Monday, March 05, 2012
Oz and Beyond
Well, there's some fiction, and some non-fiction. Oz and Beyond: The Fantasy World of L. Frank Baum is by Michael O. Riley who is an expert at binding books and printing them. In fact, he has even reprinted short Oz-related works in pamphlet form with his very own printing press and I happen to have two of them in my collection. He's also been at Winkies both times I've attended and I hope he'll be back next time! I want him to sign my copy of his book!
Oz and Beyond looks at L. Frank Baum's fantasy writing as it developed from about 1897 to 1919. Riley also examines Baum's life without pretending at some funny agenda. He theorizes that Baum, who identified with children very well, missed his happy childhood days and points out supporting examples in his works. That's the most when it comes to drawing conclusions here. The book depicts Baum as a very real person by putting his writing in perspective with his life. It believably explains why Baum published many books in 1900 and 1901 and suddenly went to one fantasy under his real name a year shortly after.
Each book is given its own section. It begins with A New Wonderland (later The Magical Monarch of Mo), as Riley correctly notes that the Phunnyland stories were the first fantasy stories Baum wrote. Mainly, the rest of Baum's fantasy work (including the "Laura Bancroft" Twinkle Tales and Policeman Bluejay) is followed as they were published, a big exception being that about 1905, there is a section for King Rinkitink.
In the Rinkitink section, Riley surmises the book must have had a defeat of the Nome King and then a return to Pingaree. It seems plausible, and is likely the case. (I more or less said the same thing when I reviewed the book.) It's a nice way to appreciate the story on its own. Later, the revised version Rinkitink in Oz is covered, looking at why Baum dusted off a previously unpublished manuscript, and how the story was affected by turning it into an Oz story.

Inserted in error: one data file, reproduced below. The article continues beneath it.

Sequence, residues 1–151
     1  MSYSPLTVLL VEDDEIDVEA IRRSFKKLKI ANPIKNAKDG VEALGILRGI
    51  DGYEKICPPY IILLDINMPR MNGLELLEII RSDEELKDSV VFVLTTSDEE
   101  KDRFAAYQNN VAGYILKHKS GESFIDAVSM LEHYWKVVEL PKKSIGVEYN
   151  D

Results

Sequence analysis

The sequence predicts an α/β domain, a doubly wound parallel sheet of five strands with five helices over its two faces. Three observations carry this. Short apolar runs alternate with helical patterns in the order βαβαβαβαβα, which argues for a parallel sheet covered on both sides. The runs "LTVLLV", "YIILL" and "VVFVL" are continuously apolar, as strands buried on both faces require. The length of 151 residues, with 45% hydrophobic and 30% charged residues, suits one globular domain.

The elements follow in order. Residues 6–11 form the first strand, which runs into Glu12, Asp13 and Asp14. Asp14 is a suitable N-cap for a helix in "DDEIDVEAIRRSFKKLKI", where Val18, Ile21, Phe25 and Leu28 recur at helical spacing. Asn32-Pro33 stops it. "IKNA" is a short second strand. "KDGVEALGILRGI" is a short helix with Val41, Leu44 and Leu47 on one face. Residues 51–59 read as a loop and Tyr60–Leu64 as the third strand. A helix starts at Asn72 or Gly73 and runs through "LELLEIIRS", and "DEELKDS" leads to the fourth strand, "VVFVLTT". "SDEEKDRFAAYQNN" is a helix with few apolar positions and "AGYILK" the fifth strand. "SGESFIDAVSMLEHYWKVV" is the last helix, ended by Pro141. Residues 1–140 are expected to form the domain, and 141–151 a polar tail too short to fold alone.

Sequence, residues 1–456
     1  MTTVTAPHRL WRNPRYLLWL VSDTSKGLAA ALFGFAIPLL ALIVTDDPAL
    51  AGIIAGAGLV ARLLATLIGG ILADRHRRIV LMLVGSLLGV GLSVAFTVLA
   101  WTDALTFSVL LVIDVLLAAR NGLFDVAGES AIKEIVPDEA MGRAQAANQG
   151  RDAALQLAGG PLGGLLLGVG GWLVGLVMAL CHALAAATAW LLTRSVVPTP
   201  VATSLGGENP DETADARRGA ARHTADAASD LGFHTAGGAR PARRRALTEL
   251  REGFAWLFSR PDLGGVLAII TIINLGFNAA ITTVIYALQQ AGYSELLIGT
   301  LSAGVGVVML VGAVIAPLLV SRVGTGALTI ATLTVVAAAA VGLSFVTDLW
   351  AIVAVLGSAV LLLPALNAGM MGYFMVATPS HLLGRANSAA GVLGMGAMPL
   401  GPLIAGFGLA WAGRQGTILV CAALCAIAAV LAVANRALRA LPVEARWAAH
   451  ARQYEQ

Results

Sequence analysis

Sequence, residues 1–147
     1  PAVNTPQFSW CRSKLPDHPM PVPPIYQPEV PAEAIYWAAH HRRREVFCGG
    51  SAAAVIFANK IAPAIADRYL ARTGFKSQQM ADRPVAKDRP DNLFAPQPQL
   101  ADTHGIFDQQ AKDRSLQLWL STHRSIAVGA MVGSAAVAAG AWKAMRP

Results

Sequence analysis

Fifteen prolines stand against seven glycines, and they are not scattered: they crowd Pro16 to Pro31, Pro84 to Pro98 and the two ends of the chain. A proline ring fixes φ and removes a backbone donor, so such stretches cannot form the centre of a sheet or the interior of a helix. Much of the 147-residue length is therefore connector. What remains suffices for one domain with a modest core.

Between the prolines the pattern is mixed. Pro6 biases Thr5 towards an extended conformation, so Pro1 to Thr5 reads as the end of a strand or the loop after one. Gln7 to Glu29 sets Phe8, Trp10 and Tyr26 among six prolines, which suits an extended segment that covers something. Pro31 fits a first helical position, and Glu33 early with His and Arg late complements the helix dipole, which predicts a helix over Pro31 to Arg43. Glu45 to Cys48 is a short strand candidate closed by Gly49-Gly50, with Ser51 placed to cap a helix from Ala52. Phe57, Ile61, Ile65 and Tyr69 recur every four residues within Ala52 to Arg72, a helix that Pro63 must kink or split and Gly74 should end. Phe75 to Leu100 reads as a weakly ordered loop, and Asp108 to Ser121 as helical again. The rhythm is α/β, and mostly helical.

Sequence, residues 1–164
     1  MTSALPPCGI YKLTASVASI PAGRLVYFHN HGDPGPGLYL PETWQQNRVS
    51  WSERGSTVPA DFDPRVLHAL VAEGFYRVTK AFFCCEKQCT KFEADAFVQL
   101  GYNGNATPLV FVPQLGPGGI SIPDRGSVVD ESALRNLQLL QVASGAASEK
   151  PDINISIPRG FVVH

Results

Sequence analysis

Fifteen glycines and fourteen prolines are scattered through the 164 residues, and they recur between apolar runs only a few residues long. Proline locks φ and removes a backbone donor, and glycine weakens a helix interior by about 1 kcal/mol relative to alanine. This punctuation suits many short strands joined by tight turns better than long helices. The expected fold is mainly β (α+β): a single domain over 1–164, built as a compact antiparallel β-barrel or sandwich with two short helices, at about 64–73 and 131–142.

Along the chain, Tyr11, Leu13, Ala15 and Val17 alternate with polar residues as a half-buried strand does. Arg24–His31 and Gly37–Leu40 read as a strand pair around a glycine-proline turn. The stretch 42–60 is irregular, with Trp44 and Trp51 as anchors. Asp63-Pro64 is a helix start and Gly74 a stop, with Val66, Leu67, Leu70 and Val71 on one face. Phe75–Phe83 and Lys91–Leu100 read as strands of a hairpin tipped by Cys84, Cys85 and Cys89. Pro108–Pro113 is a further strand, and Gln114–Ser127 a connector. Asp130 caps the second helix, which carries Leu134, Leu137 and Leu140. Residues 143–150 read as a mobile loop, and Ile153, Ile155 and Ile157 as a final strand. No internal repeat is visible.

Riley spends a lot of time looking at how the Land of Oz develops in each Oz book, how it's vast in Wonderful Wizard, then shrinks in Marvelous Land, then varies in size until becoming vast again in the latter Oz books. He also looks at how the rules and mythology of Oz change in the series.
You might think I've done the same thing in my blogging, but I tend to look at the Land of Oz as a finished whole, while Riley examines it as it developed. Riley reminds us that unlike later fantasy series of the 20th century, Oz was not begun as a series. It was a book, then a book and a sequel, then a book, a sequel, and a series, then an ongoing series. Thus, the development of Oz under Baum is rather uneven, a point Riley drives home. However, rather than making Oz seem inferior, it reads more like Baum was polishing a valuable stone to show its true luster.
As Riley focuses on Baum's fantasy world, he does not give the same treatment in the book to the Oz books of Thompson, Neill, Snow, Cosgrove, and the McGraws. They are acknowledged and gone over briefly, however. Furthermore, he acknowledges their later Oz works and the new run of Oz books by fans that had begun trickling in the 1980s. However, he stresses his work in this book is not to examine Oz the continuing legacy and the core, but just the core.
Sometimes, that simple approach, to just stop and examine one area indepth, works best. Michael Riley did a great job.